The nice thing about traveling by ferry with a bike is that usually I am the first to board and the first to leave.
So I had solid Swedish soil under my tyres and sped to the train station. I got a ticket for the last available seat on the X2000 to Malmö, took the bike apart (Hello Belarus!), and left Stockholm less than an hour after arriving there.
Then I had the chance to re-rank both Sweden and Belarus in terms of bike-friendliness and conductress-friendliness: The conductress, upon entering the car to check the tickets, got quite upset about the bike.
She said bikes were forbidden to be taken on board, unless taken apart and wrapped. I had asked in Stockholm when buying the ticket and had received an OK. She said that by buying a ticket I had agreed to SJ’s (the train company) terms of service, which state the wrapping is required. That is not entirely correct, because nobody had even shown me their terms of service, of course. She cut me off mid-sentence. She said that the bike was a safety hazard in case we had an accident. I pointed out that neither did I want to be hit by any of my fellow travelers’ hard-top cases. Tucking the bike in some corner or locking it to a spare table (for wheelchair users; none aboard) wasn’t an option for her either.
Conductress: “My highest priority is safety, safety, safety, safety. Next is that the train is on time. Service is very very low.”
“Yes, I noticed.”
Then the discussion took a most unpleasant turn:
Conductress: “Would you argue with somebody else?”
“Err, yes, of course.”
“Would you argue with a police officer?”
“Yes, of course.”
“Or are you arguing with me because I am a female?”
“Are you making it more difficult for me because I’m a foreigner?” Unfortunately, I didn’t say this.
To make it clear again, I was ‘arguing’ because I had paid 750 Swedish kronor (~80 Euros) for a valid ticket, and I had checked in Stockholm whether taking the bike like this was ok. Now she tells me I have to leave the train and buy a new ticket if I manage to wrap the bike and take the next train. So I am losing both time and money. Instead of killing the conversation with such a ridiculous kill-all question she could have offered a solution. Because, is that really the standard we have reached in society? Do I have to obey every female now simply because they’re a female? This is a stupid and dangerous development.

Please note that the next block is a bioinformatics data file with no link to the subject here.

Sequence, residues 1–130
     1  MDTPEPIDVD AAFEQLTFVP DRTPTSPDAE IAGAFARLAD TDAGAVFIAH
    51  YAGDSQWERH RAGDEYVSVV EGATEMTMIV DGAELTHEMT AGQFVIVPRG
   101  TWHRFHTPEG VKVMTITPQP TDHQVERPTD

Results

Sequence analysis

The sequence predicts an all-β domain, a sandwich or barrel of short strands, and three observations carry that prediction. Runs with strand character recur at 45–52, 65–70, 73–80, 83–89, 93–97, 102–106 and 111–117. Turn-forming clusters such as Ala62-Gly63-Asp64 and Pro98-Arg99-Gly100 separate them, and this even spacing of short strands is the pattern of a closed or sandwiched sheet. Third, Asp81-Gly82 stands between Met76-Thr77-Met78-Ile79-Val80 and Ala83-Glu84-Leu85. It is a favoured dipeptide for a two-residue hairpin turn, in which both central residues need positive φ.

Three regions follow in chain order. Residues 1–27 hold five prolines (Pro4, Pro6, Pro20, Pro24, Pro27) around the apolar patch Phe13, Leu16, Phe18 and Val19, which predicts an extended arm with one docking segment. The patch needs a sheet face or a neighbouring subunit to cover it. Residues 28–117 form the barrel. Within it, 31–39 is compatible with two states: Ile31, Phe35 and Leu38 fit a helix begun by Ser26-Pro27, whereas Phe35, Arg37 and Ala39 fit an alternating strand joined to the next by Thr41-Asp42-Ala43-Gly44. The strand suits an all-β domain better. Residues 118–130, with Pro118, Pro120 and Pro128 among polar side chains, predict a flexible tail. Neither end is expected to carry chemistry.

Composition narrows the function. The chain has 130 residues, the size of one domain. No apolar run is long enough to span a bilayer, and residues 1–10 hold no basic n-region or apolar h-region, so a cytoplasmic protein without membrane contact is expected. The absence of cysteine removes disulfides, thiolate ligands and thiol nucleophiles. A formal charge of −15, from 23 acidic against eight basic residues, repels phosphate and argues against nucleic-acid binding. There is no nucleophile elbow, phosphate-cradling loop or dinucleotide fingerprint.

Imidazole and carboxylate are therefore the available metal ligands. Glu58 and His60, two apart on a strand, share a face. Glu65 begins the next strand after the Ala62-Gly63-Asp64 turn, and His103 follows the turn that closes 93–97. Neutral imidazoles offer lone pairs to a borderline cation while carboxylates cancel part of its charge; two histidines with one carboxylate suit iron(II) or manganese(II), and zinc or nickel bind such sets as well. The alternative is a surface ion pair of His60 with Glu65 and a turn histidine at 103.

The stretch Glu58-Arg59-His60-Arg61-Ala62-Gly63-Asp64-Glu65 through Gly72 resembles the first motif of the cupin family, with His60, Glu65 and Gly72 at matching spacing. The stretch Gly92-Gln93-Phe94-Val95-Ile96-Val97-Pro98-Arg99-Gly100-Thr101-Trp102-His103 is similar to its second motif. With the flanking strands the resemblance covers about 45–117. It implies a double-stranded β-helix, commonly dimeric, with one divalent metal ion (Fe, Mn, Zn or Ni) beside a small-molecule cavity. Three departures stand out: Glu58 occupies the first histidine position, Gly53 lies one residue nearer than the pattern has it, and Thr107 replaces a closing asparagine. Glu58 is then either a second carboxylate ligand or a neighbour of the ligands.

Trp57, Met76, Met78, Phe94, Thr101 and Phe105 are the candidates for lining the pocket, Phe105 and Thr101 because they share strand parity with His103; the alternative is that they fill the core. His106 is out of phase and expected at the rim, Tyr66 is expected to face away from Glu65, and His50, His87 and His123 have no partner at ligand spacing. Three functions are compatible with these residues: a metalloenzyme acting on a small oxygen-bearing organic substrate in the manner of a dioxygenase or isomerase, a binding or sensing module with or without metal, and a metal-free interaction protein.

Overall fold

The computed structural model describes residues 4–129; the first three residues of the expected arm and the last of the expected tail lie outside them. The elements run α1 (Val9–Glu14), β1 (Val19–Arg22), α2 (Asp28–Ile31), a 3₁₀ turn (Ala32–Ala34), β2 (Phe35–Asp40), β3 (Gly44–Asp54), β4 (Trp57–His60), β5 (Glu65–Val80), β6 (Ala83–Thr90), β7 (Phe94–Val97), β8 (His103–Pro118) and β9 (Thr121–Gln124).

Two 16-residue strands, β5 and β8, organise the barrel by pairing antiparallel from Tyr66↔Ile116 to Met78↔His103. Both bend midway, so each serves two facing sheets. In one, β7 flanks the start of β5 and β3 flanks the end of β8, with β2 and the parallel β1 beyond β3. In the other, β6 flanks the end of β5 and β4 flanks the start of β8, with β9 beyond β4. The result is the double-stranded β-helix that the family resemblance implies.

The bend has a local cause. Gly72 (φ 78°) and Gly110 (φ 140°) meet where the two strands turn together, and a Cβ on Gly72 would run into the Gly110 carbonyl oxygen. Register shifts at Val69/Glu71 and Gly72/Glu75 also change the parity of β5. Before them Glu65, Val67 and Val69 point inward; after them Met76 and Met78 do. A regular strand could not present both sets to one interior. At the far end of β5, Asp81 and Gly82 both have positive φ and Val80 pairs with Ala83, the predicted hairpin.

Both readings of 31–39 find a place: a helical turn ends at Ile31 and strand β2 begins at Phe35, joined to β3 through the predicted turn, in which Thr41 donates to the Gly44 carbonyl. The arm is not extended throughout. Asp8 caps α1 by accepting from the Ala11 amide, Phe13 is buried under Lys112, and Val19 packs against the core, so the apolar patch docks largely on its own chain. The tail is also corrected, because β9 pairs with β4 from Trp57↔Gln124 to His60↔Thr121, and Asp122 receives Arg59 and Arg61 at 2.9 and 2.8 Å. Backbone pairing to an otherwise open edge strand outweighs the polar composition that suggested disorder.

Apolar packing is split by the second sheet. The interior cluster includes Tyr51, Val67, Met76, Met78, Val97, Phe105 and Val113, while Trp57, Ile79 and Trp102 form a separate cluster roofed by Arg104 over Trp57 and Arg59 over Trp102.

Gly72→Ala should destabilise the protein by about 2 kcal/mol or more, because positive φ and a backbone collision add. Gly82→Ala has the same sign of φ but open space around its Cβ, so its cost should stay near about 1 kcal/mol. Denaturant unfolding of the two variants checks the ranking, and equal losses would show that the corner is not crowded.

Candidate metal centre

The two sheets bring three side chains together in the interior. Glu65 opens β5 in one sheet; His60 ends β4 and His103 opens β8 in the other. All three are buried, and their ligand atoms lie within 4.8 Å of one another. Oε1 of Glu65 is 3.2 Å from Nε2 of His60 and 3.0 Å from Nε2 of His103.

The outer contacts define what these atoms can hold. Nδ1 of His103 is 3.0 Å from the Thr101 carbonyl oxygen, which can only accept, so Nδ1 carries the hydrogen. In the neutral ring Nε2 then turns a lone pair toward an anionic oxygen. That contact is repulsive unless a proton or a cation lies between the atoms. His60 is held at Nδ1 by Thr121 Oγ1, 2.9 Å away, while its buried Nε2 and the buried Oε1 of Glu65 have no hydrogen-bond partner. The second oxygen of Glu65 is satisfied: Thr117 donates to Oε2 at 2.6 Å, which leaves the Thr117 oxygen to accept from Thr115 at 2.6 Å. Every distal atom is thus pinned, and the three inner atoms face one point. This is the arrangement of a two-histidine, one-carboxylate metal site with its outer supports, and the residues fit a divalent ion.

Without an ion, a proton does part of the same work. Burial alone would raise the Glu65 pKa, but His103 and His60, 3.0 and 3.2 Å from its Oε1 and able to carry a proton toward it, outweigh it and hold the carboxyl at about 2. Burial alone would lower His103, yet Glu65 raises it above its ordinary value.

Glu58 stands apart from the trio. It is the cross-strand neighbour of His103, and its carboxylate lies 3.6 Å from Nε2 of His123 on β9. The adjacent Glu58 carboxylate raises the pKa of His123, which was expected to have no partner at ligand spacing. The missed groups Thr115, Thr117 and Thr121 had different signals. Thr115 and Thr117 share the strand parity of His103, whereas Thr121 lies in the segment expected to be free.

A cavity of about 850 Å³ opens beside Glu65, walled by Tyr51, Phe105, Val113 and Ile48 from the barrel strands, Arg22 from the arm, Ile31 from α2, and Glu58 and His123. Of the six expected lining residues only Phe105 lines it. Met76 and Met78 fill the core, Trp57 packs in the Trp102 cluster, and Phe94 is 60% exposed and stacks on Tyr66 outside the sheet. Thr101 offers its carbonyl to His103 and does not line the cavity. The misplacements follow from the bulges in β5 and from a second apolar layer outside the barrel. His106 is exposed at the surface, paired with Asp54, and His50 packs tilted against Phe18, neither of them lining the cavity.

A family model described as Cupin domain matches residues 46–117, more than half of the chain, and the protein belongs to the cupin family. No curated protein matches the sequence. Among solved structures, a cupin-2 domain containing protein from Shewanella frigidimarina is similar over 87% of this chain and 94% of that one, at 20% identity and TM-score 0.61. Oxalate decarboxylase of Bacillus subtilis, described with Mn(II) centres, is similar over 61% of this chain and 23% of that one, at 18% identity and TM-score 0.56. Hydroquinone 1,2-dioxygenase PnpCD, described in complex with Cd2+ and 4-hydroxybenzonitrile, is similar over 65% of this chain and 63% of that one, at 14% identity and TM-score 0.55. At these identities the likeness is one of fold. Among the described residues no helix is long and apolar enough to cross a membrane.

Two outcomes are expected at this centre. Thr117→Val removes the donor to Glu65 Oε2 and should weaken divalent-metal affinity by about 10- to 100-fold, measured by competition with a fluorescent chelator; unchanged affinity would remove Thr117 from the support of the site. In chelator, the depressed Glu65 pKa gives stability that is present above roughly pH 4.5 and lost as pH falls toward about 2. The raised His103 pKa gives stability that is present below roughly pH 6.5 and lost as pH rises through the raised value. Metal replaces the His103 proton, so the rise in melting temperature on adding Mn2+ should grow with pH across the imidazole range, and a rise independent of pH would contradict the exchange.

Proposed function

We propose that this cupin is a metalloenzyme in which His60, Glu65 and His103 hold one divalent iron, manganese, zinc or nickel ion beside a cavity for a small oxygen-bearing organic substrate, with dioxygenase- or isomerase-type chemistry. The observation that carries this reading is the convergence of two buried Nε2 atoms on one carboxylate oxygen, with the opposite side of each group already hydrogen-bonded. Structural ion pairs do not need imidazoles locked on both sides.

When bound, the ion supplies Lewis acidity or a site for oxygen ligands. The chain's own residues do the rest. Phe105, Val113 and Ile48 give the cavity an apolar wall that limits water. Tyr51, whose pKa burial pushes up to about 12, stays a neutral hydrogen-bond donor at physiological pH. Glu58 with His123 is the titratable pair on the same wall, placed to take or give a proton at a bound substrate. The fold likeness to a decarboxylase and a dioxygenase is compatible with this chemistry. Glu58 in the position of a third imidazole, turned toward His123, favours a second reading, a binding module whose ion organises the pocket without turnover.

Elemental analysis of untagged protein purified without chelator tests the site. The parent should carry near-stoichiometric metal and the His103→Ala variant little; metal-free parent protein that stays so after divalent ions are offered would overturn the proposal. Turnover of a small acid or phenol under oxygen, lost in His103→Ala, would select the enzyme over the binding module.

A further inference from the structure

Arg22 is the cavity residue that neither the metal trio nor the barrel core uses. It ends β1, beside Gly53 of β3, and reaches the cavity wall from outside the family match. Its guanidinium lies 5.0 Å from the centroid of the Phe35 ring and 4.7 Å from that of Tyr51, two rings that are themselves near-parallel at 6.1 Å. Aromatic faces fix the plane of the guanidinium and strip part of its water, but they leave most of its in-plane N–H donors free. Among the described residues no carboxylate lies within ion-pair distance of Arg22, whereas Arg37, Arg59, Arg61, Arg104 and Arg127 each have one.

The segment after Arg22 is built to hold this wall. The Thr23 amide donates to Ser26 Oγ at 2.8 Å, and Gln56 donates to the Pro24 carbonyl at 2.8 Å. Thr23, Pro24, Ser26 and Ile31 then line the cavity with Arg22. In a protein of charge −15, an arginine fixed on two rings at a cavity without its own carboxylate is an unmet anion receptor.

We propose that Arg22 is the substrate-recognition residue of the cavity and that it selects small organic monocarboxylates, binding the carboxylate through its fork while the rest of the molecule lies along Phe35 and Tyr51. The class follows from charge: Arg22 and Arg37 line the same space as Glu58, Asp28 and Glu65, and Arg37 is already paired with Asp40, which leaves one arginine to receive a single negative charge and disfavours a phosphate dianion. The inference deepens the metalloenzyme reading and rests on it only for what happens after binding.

Well, I had to leave the train at Norrköping, somewhere between the middle of nowhere and the end of the world (i.e., not far from Stockholm). When I was about to disembark, people came forward and apologized for the hassle. One suggested I throw the bike away to be able to continue traveling. Yes, thank you, I see you fully understood the problem.
What is wrong with this country? There are numerous cycle tourists traveling in Sweden every year, and it is impossible to quickly take a bike on a train??? Even a proper folding bicycle has to be wrapped in a ‘protective case’, whatever that is and whoever or whatever it is supposed to protect. And what’s with the weird attitude?
I was unable to find a suitable cardboard box in the sleepy town of Norrköping at 8.30 in the morning. It is also impossible to take bikes on SJ’s regional trains. So the only option was the bus. This is how I got to Göteborg, fortunately a port city with frequent ferry connections to Denmark. The original plan had been to be home tonight. I scratched that.
Well, I apologize to Belarus and all Belarusians for previously calling their country the most bike-unfriendly one. Sweden just took over that title with flying colors. And it is also the first country where I have been confronted with this new social mis-development of weirdly misguided feminism, even though I am sure society is just as f*cked up in other places as well.
I did get a full refund of the train ticket in Göteborg thanks to SJ’s unfriendly but fair José. However, that still leaves me with an additional ferry crossing and hotel to pay for, an additional day of traveling, and a lot of annoyance.
I feel like avoiding Sweden in the future, I am so fed up. But I guess that will go away after a good night’s sleep. I’ll avoid SJ for sure, though.
Göteborg is nice nonetheless.
I’ve crossed the Kattegat already and am in Frederikshavn, northern Denmark, now.